The International Cycling Union (UCI) and former World Anti-Doping Agency (WADA) president Dick Pound have settled a lawsuit over allegedly injurious comments by the outspoken Canadian.
The UCI, its former president Hein Verbruggen and Pound released a joint statement yesterday closing the litigation in a Swiss court. Each side agreed to pay its own costs.
Verbruggen and Pound often clashed when they were both in office and Pound was vocal in questioning the UCI's efforts in tackling doping at the height of some of biggest scandals to hit cycling.
"Richard Pound acknowledges the fact that some of his comments reported in the media might have seemed excessive if they were interpreted to mean that the UCI and Hein Verbruggen were doing nothing to combat doping," the statement said.
"This applies to an even greater extent to the allegation of collusion which was never formulated as such."
The statement said Pound also recognised that the UCI had put in place new testing procedures: "Richard Pound acknowledges the fact that the UCI is doing good work to eliminate cheats from their sport."
The cycling body declared that it would carry on with the anti-doping measures. "However, it remains the duty of the bodies responsible for combating doping, including the WADA, to note any inadequacy on the part of any agency whatsoever with a view to making this fight more effective," the statement added.
The UCI lawsuit launched in March 2008 accused Pound of "continual injurious and biased comments". WADA had leapt to their former chief's defence.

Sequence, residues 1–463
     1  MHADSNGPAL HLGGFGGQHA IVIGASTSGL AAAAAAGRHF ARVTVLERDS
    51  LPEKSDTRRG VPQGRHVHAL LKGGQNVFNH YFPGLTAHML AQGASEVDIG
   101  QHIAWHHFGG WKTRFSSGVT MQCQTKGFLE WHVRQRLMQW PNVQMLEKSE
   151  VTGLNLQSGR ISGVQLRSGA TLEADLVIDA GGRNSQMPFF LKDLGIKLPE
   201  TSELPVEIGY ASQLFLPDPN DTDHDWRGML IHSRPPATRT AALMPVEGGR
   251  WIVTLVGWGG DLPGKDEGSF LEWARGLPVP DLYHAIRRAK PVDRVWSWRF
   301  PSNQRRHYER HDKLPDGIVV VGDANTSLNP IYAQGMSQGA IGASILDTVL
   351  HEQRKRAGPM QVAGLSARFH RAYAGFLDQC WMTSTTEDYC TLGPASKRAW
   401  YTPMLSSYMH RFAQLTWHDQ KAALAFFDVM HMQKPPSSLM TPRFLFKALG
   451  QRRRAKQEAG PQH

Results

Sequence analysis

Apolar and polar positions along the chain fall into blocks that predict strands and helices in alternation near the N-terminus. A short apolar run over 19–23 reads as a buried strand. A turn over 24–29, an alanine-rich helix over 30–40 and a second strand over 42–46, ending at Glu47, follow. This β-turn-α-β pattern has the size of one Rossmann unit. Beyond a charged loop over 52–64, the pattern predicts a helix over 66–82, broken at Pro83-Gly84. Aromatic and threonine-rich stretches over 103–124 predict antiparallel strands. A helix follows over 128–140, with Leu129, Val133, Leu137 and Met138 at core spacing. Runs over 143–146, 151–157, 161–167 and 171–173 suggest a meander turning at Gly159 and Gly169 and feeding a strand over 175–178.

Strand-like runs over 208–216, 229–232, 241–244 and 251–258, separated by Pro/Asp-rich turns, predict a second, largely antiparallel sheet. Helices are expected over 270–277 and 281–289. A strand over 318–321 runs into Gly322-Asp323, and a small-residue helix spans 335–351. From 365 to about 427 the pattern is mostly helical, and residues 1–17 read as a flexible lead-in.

Pound stepped down from his WADA post in November 2007, while Verbruggen stood down from the UCI presidency in 2005 but stayed on as vice president until 2008.
Three-month ban for Mock
In other doping news, David Mock, a 32-year-old American cyclist, has accepted a three-month ban after testing positive for a marijuana metabolite, the US Anti-Doping Agency announced yesterday.
Mock tested positive for the banned substance Carboxy THC in a urine sample taken on 15 August after a sixth-place finish in the Yankee Clipper stage race.
The sanction could bring a two-year ban but Mock accepted a three-month period of ineligibility that began last Friday and was reduced to time served after his completion of a US Anti-Doping education programme on Wednesday. Mock's results in all events from 15 August until Wednesday were forfeited.
© AFP 2009